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Gov’t lists 21 responses initiated to tackle coronavirus pandemic

Finance Minister, Ken Ofori Atta, in his mid-year budget review, has reiterated the various interventions by the government under the Coronavirus Alleviation Programme (CAP) to ease hardships.

Ofori Atta explained that all these costs “came at a time of reduced revenue at the ports, a fall in global oil prices, a near collapse of hospitality industry and a general decline in global trade.”

Most businesses have been forced to shut down since the outbreak of the novel coronavirus in March, with others barely standing on its feet.

Schools, hotels, churches, event companies are among the few who have been greatly hit by the deadly virus.

The government, as part of its efforts to reduce the economic hardship brought by the virus, introduced some economic and financial interventions for Ghanaians.

The relief packages proposed by the government covered health, education, hospitality industry, deprived communities, small and medium scale industries.

Under the Coronavirus Alleviation Programme

Health

  • Government proactively put together the GH¢560 million (US$100 million) National Emergency Preparedness and Response Plan (EPRP)

 

    • The capacity of scientific research and testing teams at the three original designated testing institutions have been significantly expanded to 10 sites over the last four to six weeks.

 

    • Government provided 3.6million reusable face masks, 50,000 medical scrubs, 90,000 hospital gowns, and 90,000 head covers to the health facilities from the 9th April to 30th June, 2020

 

    • Government has provided a life insurance package worth GH¢10.3 million for those directly involved in surveillance, case management, laboratory, and all other health and allied personnel who get infected.

 

    • Additional provision was made for overtime and risk-based payments for key frontline workers.

 

  • Transport costs and costs of sustenance for contact tracers and field surveillance officers were also absorbed by Government

 

  • Government waived personal income taxes for 137,000 health workers, offered allowance of 50 percent of basic salary for about 10,000 frontline health workers, and provided them transportation for the duration of the lockdown. These direct reliefs to health workers cost Government additional GH¢320 million

Social 

    • Government substantially covered the cost of electricity and water services from April-June, 2020. [Supply households with free water and free electricity to over 50% of the population]

 

    • Government fully covered the cost of consumption of the one million lifeline customers and subsidised 50 percent of the consumption of all other customers. The total cost of the Water Relief Programme to Government is projected at GH¢275.5 million out of which GH¢199.3 million had been paid by end-June 2020.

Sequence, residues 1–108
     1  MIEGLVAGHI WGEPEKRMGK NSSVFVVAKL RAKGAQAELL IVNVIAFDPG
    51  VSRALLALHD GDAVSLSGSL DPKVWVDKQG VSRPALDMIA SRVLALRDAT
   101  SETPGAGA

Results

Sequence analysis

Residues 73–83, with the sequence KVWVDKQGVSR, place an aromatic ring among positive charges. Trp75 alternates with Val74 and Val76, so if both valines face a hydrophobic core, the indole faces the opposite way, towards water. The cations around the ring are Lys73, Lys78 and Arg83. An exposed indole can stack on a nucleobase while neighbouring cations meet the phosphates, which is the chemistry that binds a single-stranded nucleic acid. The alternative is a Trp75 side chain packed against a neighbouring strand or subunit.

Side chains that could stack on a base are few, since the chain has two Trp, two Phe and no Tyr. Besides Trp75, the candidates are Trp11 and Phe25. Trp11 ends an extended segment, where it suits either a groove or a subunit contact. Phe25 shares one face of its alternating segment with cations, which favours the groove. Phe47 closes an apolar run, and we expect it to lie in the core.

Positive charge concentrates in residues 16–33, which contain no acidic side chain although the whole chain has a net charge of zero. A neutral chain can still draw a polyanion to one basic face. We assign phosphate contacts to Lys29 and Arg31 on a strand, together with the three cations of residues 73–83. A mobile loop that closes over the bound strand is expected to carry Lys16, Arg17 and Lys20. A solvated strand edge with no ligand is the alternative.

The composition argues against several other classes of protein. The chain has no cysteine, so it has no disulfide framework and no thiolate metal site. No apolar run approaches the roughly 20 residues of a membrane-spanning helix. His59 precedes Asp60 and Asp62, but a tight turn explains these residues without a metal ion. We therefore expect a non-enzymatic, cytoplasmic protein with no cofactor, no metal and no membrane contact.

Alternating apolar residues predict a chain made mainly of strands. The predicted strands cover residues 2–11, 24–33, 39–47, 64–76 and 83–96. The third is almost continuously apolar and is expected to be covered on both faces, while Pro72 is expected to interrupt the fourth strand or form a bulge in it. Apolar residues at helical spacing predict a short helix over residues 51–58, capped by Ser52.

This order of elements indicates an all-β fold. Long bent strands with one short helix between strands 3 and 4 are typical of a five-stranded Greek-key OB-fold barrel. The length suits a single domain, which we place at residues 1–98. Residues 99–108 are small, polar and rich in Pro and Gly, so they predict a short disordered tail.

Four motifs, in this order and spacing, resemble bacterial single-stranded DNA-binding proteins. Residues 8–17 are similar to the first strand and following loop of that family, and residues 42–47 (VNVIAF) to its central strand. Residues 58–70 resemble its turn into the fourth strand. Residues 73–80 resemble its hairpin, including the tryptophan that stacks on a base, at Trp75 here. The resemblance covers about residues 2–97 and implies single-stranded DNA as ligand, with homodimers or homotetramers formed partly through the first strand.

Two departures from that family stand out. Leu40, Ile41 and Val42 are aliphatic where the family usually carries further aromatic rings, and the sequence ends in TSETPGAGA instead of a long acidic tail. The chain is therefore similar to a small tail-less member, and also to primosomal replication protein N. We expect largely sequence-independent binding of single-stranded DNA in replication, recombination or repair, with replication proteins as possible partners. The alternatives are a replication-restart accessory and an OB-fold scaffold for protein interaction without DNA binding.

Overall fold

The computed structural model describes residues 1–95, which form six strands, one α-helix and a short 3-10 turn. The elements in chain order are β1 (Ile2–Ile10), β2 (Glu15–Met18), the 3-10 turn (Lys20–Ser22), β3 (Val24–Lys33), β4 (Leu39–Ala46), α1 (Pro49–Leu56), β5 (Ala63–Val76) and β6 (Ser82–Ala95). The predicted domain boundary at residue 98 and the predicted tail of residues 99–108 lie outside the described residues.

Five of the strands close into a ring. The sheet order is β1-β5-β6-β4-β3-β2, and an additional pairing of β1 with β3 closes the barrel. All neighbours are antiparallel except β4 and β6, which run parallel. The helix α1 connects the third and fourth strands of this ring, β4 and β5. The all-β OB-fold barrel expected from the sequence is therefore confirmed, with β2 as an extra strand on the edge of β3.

• Government through the Gender Ministry and NADMO provided 1,827,581 and 917,142 cooked food packs to vulnerable persons within Accra and Kumasi respectively. [Cost: GH¢54.3]

 

    • In collaboration with Faith-Based Organizations, Government also distributed dry food packages to about 470,000 families.

 

    • A total of 600,000 face masks were supplied to the tertiary institutions.

 

    • 1,700 Veronica buckets, 200,000 litres of alcohol-based hand sanitizers, 3,400 litres of liquid soap, and 900 thermometer guns were distributed

 

  • All the 1,167 Senior High Schools (SHS) in the country were fumigated and disinfected.

 

  • Government also provided 2.4 million pieces of re-usable face masks to students, teaching and non-teaching staff, invigilators and school administrators, with each person receiving three pieces.

Economic

  • Government procured PPEs consisting of 50,000 hospital scrubs costing GH¢6.0 million as well as 90,000 medical gowns and caps valued at GH¢6.75 million were produced by the local textile firms.

 

    • In addition, 15 million face-masks, out of which 5 million and 10 million were supplied to frontline health workers and schools, respectively, at a cost of GH¢65.0 million

 

    • The CAP Business Support Scheme (CAP-BuSS) of GH¢600 million was designed to specifically support micro, small and medium-sized enterprises (MSMEs)

 

    • The Scheme established the Adom Micro Soft Loans for micro enterprises which are being disbursed through the Vodafone mobile money platform. The Anidasuo Soft Loans, targeted at small and medium enterprises, will be disbursed through participating financial institutions.

 

    • Through the Scheme, TIN registration in Ghana increased from approximately 110,000 a month to 815,449 from 19th May, 2020 to 30th June, 2020, thereby supporting Government’s agenda to formalise the informal sector

 

  • The COVID-19 National Trust Fund established under Act 1013 in April 2020 had mobilised about GHȼ53 million from individuals, churches, corporate bodies, staff of organisations, non-governmental organisations, groups, and associations, among others as at end June, 2020

 

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